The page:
Last week, the Supreme Court struck down the law preventing U.S. citizens or lawful permanent residents from conveying immigration benefits to their same-sex spouses. The Defense of Marriage Act (“DOMA”), Section 3, had defined marriage under federal law as between one man and one woman and forbade recognition of same-sex marriages that were lawful where entered into. With the overturning of this section of DOMA, same-sex married couples may avail themselves of the full array of U.S. immigration benefits.
Secretary of Homeland Security Janet Napolitano announced that her agency would immediately begin implementation of the new law. True to her word, the first same-sex marriage family petition was approved on Friday. Secretary of State John Kerry has said that his agency will also implement the law according to the Supreme Court ruling.
U.S. immigration benefits available to same-sex married couples are now the same as for heterosexual couples. Such benefits include the ability to petition for a spouse or a step-child to get a green card, to include a spouse as a derivative on a green card application, to claim a same-sex spouse as a qualifying relative for waiver purposes and as a qualifying relative for other forms of relief from removal. The words marriage and spouse appear repeatedly in the Immigration and Nationality Act. They now encompass same-sex marriage and a same-sex spouse. The benefits available under U.S. immigration law based on marriage are too numerous to list.
Same-sex couples in marriages or contemplating marriage can act immediately to seek out immigration benefits. The United States Citizenship and Immigration Services (“USCIS”) will apply the same standards as in a heterosexual marriage to determine the bona fides of the marriage. They will examine factors such as how the parties met, how the relationship progressed over time, the volume and quality of joint documentation and whether they have commingling of finances, insurance policies, shared bills, trips together, photos, whether the parties cohabitate, affidavits of persons familiar with the marriage, and any other probative evidence. The fundamental question asked by USCIS is whether the parties intended to establish a life together at the time of marriage. Note that the existence or non-existence of children born of a marriage has never been a necessary condition to establish the good faith nature of a marriage.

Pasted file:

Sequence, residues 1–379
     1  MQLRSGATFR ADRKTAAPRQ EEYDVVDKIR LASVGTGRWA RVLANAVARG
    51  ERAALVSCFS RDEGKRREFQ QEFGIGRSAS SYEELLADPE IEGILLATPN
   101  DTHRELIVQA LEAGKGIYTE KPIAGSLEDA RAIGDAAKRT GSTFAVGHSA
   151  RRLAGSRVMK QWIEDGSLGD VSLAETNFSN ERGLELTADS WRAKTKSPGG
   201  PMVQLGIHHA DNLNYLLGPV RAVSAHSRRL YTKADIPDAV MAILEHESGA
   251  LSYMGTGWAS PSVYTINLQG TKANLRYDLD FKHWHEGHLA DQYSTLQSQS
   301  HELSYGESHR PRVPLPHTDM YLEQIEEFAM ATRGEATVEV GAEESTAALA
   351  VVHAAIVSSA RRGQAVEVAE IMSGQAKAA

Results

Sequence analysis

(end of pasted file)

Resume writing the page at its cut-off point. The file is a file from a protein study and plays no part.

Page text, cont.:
A growing number of states, including California, Connecticut, Delaware, Iowa, Maine, Maryland, Massachusetts, Minnesota, New Hampshire, New York, Rhode Island, Vermont, Washington, and the District of Columbia, have legalized same-sex marriage. That law had been “on-hold” in California due to federal litigation. However, after the Supreme Court decision on Wednesday, California has resumed issuing marriage licenses to same-sex couples. In addition, a number of countries and sub-national jurisdictions have legalized same-sex marriage. Because the jurisdictions with legalized same-sex marriage remain in the minority, same-sex couples wishing to marry will still need to consider where same-sex marriage is legalized where they live. They will need to be careful to satisfy jurisdictional requirements to marry if they must go elsewhere for their weddings. For persons residing in countries where same-sex marriage is not legalized, the fiancé(e) visa option can be explored or possibly travel to a country where same-sex marriage is legal.
Persons who have been denied immigration benefits have remedies immediately available to them. Persons who may have had their visa petitions denied in the past because U.S. immigration law did not recognize same-sex marriages should consider a motion to reopen or re-filing of the paperwork. In some cases, persons may have been ordered removed or deported from the U.S. on account of the law’s failure to recognize their same-sex marriages. A motion to reopen to the Immigration Court or the Board of Immigration Appeals may be available in this situation. However, motions to reopen have time limitations so anyone affected by the change in law should seek the advice of an experienced and knowledgeable immigration attorney immediately.
Same sex couples where one party is a non-citizen have waited many years for the opportunity to live lawfully in the United States without fear of separation due to deportation. That opportunity has arrived. It is time to take advantage of it.
By Nancy E. Miller and Steven J. Malm